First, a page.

- Lead by example – If you are on annual leave, make a point of not replying to emails or phone calls. This will help your staff to understand that being able to relax is acceptable when on holiday.
- Be aware of workloads – Spotting and intervening if you notice unreasonable demands could make a huge difference to team or individual stress levels.
- Embrace recognition – All employees like to be praised for a job well done, so it is important to either install a formal recognition programme, or else encourage a culture of reward and thanks for jobs that are done well.
Are there long term ways to avoid a stressful business culture?
- Advocate training – By offering things such as job shadowing, refresher training or certified management courses, you can help your employees to feel comfortable and confident.
- Look at your general working environment – Are there distractions you can remove, or changes that can be made to seating considerations?
- Consider third party help – Do you have an Employee Assistance Programme (EAP)? Investing in such a system can allow employees to access free, impartial advice on a variety of situations and workplace concerns.
- Consider self-help strategies – Could you work with an approved practitioner to offer courses in relaxation, time management, stress reduction or mindfulness? Offering weekly yoga or pilates classes can also be a very popular way to reduce stress levels.
- Reduce possible pressure points – Job roles are all levels are never pressure-free, but considering implementing flexible working where possible, or the option to work from home, can go a long way towards helping employees to balance their work and personal lives.
What management behaviours are important in managing stress?
A great way to reduce stress levels is offer training to all managers; whether new or well-established; on how to help their direct reports to handle stressful or pressurised situations. The key characteristics that managers can adopt to benefit their staff can include:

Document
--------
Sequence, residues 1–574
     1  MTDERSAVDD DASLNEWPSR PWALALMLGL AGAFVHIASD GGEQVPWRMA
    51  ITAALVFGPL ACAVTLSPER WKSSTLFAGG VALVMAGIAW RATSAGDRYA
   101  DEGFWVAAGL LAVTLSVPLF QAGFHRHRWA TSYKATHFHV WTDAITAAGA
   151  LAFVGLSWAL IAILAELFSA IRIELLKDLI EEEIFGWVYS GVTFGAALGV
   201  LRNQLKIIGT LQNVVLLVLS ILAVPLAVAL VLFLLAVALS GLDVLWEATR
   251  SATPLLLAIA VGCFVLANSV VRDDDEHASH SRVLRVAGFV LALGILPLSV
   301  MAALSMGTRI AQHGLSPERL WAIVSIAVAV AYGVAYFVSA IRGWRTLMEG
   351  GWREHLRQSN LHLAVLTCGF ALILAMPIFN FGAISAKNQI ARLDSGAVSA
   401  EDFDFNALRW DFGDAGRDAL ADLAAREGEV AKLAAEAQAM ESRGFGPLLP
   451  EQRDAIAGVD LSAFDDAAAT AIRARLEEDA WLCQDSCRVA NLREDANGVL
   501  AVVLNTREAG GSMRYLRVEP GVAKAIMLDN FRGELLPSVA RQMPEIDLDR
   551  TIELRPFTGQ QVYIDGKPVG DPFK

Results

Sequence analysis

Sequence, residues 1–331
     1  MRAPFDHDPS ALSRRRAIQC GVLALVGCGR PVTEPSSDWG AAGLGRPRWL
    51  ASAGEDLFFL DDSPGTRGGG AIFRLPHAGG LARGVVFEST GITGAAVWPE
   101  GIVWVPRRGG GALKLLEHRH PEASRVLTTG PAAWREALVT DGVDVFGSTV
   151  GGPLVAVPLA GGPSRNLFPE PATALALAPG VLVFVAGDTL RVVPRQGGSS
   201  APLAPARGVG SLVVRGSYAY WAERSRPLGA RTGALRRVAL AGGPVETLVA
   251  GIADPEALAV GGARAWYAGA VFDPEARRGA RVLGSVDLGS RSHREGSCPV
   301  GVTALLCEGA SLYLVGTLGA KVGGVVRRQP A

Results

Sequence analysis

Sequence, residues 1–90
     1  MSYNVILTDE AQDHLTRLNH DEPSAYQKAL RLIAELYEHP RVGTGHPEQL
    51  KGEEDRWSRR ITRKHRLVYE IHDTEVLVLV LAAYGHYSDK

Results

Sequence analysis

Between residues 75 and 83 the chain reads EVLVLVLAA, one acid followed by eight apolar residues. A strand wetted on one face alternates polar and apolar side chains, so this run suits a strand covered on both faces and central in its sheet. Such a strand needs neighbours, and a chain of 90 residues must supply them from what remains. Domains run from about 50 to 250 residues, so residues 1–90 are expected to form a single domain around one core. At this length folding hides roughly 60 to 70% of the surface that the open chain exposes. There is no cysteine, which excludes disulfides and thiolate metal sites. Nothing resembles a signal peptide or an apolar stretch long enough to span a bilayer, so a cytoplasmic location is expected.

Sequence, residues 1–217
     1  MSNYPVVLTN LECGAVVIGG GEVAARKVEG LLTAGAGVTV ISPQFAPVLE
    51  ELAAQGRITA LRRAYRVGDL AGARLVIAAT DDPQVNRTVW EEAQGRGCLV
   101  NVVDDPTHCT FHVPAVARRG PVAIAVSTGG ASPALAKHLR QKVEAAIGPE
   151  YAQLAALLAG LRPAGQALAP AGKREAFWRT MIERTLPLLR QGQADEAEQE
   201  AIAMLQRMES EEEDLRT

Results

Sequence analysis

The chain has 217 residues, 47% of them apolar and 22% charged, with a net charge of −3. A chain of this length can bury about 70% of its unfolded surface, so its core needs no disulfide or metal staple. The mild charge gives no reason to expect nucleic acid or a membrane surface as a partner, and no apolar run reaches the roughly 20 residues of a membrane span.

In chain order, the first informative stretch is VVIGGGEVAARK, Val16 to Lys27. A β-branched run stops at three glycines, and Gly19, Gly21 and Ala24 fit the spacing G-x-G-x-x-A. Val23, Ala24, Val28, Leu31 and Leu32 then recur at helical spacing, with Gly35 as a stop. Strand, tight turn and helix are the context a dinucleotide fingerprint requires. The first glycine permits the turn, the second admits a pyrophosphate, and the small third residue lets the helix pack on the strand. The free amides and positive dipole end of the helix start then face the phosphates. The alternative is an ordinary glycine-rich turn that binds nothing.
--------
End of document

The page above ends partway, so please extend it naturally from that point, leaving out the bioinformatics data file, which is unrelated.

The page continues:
- Assuming responsibility and showing respect to direct reports – Human emotions are unavoidable in business, but a good manager should be able to shied their direct team as much as possible by assuming overall responsibility. If someone has made a mistake, treating them with respect whilst establishing what has happened, and how to avoid it reoccurring, can go a long way towards lowering stress levels.
- Managing and communicating workloads – Managers should spend much of their time helping staff to anticipate, plan and manage their workloads around business demands. Pre-planning wherever possible can be key to reducing stress, and can also encourage problem solving and issue spotting ahead of time.
- Treating employees equally and fairly – Ideally, this should include an open-door policy for feedback, complaints and new ideas. If all staff feel that they are listened too and treated equally, they are far more likely to be forthcoming in these areas. If managers can sympathise with heavy workloads, and keep flexibility in hours, workload and location open to all, they are likely to see a much more productive team as result.
- Offering support with managing difficult situations – Conflict can be a difficult subject within the workplace, but a good manager should be able to offer advice and support should such a situation arise, including taking responsibility for resolving the issue if necessary.
Why are wellbeing initiatives important?
Whilst many businesses tend to react to stressful working conditions by implementing a formal ‘stress’ policy, others have found that a wider wellbeing policy can be much more effective, as they can not only reduce stress levels, but also maximise the overall wellbeing levels of employees. Most effective wellbeing initiatives take into account a variety of considerations related to the overall health of employees, including mental health, physical health, the working environment, working relationships, career development, fair pay and benefits policies, diversity and inclusion, and leadership standards.
Different companies will understandably focus more or less on a combination of the areas listed above, depending on their industry, personal business strategy, and cultural approach to employee wellbeing, but ensuring that you have an awareness of them all will stand you in good stead when it comes to reducing stress levels through wellbeing.